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Sunday, June 24, 2012

Political crisis is a challenge for the new Pakistani prime minister, experts say


Raja Pervaiz Ashraf replace ousted Prime Minister Yousuf Raza Gilani. But the appointment will not solve political problems of the country, affecting relations with neighbors and with the U.S., analysts say. Raja Pervaiz Ashraf, who was elected Prime Minister of Pakistan on Friday (22/06), takes office at a time of intense political turmoil. Ashraf got the most votes in the lower house of parliament, the National Assembly. The erstwhile Minister of Information Technology was named after the Supreme Court dismissed Tues Pakistani Prime Minister Yousuf Raza Gilani on Thursday. In a controversial verdict, the Supreme Court dismissed Prime Minister Gilani. In April, the court declared guilty of contempt after he refused to write a letter to the Swiss government to reopen corruption cases involving Pakistani President Asif Ali Zardari, the Swiss authorities had filed in 2008. The Pakistan Peoples Party (PPP) government asserts that the procedures were "politically motivated" and can not be reopened as Zardari remain head of state and enjoys presidential immunity. The PPP contested the decision Thursday, saying the prime minister could only be removed by the parliament. Despite the reservations against the verdict, the party decided to accept the determination of the court, seeking the good of the country.
Challenges for the new prime minister
Snehal Shingavi, an expert on Pakistan at the University of Texas, told that the appointment of Ashraf as the new prime minister of Pakistan would not solve the long political and institutional crisis in the country. To Shingavi, Ashraf probably have the same fate as its predecessor."The strategy is to keep the PPP candidates to be overturned by the judiciary so that the party can blame the courts for political deadlock," he says.
Prime Minister Gilani was dismissed by the Pakistani Supreme Court
Prime Minister Gilani was dismissed by the Pakistani Supreme Court
Shingavi believes Ashraf has a hard job ahead. "There are at least three problems to be faced. Firstly, the Judiciary will require him to make charges against Zardari and the PPP can not allow that to happen. Secondly, the opposition party, Tehreek-e-Insaaf and the League Pakistan Muslim [the former prime minister Nawaz Sharif] are calling for new elections. Finally, the population is getting increasingly agitated by the economic crisis facing the country, "the expert believes. To Shingavi, it is likely that the bitter dispute between the judiciary and the executive continue, despite the election of the new prime minister.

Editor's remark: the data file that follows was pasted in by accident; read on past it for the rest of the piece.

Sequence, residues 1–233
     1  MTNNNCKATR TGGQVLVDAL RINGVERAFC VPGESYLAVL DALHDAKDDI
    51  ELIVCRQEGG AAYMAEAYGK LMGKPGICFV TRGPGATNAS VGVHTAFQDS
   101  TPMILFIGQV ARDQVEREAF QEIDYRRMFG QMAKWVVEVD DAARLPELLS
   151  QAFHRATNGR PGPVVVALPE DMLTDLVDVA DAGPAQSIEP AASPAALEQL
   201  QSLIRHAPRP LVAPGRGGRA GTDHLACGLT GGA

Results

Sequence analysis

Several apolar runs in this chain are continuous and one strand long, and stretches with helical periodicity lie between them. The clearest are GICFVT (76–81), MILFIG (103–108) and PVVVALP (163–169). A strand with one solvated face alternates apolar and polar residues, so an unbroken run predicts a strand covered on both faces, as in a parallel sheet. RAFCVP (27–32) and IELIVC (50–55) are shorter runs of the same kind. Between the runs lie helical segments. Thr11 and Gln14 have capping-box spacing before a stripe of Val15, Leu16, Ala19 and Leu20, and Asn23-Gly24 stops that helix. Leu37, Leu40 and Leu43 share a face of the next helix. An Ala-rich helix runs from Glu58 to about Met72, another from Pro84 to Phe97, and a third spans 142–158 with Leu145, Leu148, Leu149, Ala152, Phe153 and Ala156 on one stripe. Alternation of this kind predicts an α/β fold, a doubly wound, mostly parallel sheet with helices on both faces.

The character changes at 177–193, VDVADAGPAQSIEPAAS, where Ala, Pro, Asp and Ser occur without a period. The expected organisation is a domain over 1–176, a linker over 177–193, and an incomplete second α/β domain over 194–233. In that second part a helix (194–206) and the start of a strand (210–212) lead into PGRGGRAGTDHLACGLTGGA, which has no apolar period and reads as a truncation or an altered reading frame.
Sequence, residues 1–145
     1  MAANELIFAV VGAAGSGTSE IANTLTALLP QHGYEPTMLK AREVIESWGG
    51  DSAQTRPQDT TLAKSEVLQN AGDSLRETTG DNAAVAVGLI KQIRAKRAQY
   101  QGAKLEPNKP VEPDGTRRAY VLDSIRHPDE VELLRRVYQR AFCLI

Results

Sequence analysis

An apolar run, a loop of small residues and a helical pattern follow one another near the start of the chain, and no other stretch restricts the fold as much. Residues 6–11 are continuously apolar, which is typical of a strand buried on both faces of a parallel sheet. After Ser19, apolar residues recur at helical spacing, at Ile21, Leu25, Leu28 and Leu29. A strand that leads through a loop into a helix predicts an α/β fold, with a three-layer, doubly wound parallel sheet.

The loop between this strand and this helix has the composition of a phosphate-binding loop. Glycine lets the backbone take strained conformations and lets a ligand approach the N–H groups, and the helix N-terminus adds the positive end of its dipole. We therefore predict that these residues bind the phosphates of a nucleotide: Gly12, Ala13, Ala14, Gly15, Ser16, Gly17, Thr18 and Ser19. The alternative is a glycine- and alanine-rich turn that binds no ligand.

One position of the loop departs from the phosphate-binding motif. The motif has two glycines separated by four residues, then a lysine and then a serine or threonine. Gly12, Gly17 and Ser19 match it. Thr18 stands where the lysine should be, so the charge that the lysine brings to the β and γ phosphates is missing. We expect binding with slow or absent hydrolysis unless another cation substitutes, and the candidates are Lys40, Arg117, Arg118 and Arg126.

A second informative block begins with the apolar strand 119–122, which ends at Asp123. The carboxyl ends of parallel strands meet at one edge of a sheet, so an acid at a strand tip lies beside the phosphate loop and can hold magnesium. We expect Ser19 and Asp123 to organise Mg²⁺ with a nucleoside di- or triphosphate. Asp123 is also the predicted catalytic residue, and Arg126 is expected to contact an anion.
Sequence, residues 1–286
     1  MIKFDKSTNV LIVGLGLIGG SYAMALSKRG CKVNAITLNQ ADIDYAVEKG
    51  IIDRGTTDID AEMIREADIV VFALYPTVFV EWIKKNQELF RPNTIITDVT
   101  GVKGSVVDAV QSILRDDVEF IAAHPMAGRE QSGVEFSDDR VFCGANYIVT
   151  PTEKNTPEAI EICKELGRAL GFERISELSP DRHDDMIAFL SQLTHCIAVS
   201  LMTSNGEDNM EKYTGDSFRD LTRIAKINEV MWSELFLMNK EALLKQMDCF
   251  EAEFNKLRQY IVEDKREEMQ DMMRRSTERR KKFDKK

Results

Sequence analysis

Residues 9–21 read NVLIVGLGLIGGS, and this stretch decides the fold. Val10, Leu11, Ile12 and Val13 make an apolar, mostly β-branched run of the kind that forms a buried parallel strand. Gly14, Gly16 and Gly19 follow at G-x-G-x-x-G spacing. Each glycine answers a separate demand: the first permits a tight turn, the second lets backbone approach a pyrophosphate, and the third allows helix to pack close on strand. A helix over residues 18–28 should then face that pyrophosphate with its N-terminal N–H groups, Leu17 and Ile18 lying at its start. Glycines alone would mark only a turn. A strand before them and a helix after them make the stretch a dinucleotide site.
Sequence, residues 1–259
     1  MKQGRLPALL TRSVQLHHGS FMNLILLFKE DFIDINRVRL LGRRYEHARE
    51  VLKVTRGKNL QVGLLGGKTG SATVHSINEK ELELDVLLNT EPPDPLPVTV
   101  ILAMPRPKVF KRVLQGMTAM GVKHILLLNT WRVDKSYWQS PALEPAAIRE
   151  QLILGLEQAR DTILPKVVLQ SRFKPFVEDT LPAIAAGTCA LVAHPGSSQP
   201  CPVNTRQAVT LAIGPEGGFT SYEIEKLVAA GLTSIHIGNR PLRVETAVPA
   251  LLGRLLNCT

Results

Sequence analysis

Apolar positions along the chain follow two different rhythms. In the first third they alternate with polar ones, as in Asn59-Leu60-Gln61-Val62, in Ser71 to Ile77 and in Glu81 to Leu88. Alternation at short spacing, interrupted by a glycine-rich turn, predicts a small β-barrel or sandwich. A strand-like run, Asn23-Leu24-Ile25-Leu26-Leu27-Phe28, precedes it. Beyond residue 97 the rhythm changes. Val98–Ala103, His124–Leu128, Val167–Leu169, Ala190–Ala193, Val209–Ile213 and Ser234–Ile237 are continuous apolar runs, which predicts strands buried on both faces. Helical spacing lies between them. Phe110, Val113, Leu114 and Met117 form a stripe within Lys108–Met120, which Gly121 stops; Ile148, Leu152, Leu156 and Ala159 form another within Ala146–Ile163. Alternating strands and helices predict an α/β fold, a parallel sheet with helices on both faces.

Clash of institutions
Many Pakistanis see the current situation as a clash of institutions. PPP supporters believe that the judiciary, supported by the ubiquitous army of Pakistan, tries to undermine the supremacy of parliament and civil democracy. On Thursday, the military-backed counternarcotics court issued arrest warrant against Makhdoom Shahabuddin, for involvement in drug regimen. He was the first choice of PPP for the post of prime minister. Some observers claim that the injunction against Shahabuddin is politically motivated and is part of the ongoing war between the judiciary and parliament. "I am sure that the warrant is politically motivated, otherwise he would have been issued earlier. But the PPP is also full of political figures who have done illegal things and used his power to cover such practices. Both the PPP and its enemies use their political resources in a very opportunistic, "said Shingavi. Experts also criticized by the Supreme Court to dismiss an elected prime minister and said the chief justice, Iftikhar Mohammed Chaudhry, attempted to undermine the nascent democratic setup in Pakistan. Emrys Schoemaker, communications analyst and researcher at the London School of Economics, told that the consequences of removing the court Gilani are "political." "The main question is whether the time of Gilani's dismissal was correct. The court should act for the good of the country and engage in politics or should remain neutral? It seems that the court is simply dealing with cases on its list of sentences, but the consequences of their actions are highly political, "he says.
Regional implications
Chief Justice Chaudhry tried to undermine democracy in Pakistan, experts say
Chief Justice Chaudhry tried to undermine democracy in Pakistan, experts say
Experts say the United States is closely watching the deepening political crisis in Pakistan, a country that has nuclear weapons. "The history of Pakistan is marked by this kind of political crisis. The international community does not trust us. The situation in the region is very complex. The recent political events in Pakistan can not be seen as something separate," the activist told Zaman Khan, based in Lahore. Observers believe that the current domestic political turmoil in Pakistan is likely to affect the country's relations with its neighbors and with the West, particularly with the United States. The ties between the U.S. and Pakistan have been weakened since the U.S. air attack at a checkpoint killed 24 Pakistanis in 2011. Since then, there have been signs that bilateral relations will improve soon.

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